Water Quality of Runoff from Surface Mined Lands in Northern Arizona
AffiliationDepartment of Systems and Industrial Engineering, University of Arizona, Tucson
School of Renewable Natural Resources, University of Arizona, Tucson
KeywordsHydrology -- Arizona.
Water resources development -- Arizona.
Hydrology -- Southwestern states.
Water resources development -- Southwestern states.
Strip mine wastes
Water pollution sources
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RightsCopyright ©, where appropriate, is held by the author.
Collection InformationThis article is part of the Hydrology and Water Resources in Arizona and the Southwest collections. Digital access to this material is made possible by the Arizona-Nevada Academy of Science and the University of Arizona Libraries. For more information about items in this collection, contact email@example.com.
PublisherArizona-Nevada Academy of Science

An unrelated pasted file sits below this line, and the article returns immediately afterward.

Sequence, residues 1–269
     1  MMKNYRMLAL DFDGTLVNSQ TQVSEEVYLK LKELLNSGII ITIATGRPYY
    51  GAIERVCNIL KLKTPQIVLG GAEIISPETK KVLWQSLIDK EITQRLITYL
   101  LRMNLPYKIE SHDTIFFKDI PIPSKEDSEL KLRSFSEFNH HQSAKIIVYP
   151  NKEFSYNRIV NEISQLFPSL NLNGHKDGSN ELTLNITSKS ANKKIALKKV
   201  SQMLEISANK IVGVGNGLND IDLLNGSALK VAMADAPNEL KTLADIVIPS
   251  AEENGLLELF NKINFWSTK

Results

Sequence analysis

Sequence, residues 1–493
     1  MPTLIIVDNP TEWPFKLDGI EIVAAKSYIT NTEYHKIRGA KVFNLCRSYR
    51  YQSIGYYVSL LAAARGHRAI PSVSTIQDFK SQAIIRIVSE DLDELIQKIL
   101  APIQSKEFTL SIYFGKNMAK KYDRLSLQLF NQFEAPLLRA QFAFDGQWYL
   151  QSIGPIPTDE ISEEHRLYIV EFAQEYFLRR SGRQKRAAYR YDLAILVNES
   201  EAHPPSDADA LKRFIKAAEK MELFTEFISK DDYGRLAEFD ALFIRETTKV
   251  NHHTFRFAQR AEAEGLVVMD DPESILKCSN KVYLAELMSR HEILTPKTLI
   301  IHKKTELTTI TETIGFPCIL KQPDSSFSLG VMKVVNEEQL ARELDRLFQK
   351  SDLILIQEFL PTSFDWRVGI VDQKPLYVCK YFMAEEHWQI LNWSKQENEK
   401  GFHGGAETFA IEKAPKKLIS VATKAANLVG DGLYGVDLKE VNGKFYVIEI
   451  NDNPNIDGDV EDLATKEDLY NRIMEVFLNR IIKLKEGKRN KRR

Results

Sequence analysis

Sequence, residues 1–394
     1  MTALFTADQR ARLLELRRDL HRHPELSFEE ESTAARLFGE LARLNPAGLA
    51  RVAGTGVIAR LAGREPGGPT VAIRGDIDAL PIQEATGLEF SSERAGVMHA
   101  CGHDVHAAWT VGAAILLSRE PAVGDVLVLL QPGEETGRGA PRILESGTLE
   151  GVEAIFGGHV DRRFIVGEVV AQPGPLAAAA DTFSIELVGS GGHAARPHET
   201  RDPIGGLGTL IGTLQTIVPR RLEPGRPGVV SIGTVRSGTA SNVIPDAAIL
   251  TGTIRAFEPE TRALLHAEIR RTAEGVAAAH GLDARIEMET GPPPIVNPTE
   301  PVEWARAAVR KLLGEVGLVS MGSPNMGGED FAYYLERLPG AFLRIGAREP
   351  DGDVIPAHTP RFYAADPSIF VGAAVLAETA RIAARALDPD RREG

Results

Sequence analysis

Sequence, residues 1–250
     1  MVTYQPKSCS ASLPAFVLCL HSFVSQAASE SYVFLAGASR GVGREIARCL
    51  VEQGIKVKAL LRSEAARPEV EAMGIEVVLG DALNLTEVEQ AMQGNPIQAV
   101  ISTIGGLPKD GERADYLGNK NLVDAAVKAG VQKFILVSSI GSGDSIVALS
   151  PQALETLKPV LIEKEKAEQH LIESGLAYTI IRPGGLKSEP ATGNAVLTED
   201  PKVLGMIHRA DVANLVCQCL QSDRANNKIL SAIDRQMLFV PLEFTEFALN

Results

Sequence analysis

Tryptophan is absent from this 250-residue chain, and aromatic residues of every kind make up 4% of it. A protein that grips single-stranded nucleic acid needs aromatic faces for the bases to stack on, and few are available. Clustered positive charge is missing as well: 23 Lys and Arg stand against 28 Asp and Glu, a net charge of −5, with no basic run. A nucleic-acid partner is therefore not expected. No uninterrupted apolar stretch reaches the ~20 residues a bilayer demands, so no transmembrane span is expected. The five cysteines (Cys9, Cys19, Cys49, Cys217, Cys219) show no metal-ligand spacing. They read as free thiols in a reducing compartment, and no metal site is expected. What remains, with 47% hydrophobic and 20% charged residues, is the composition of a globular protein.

AbstractSurface mining of coal in the western U.S. can cause problems of increased salinity and heavy metal contamination in runoff along with a lack of enough rainfall to sustain plant growth for reclamation. To facilitate the planning of reclamation efforts in such areas results are described of a water quality sampling experiment on the ponds and runoff at the University of Arizona Experimental Watershed on Black Mesa in northern Arizona. A systems theoretic framework is employed to model the watershed and the results of a computer simulation based on this model is used to indicate that salinity buildup could be expected over time, given a minimal change in watershed configuration, with possible development of fluoride contamination being of particular concern. Water quality tests of the pond water and runoff on Black Mesa indicated that the water is within Federal standards for drinking and irrigation, except for sodium and fluoride. It is suggested that if it is economically desirable, the collection of more data on the ponds could be used to develop a simulation model of pond subsystems along the lines of the methodology outlined in this analysis.
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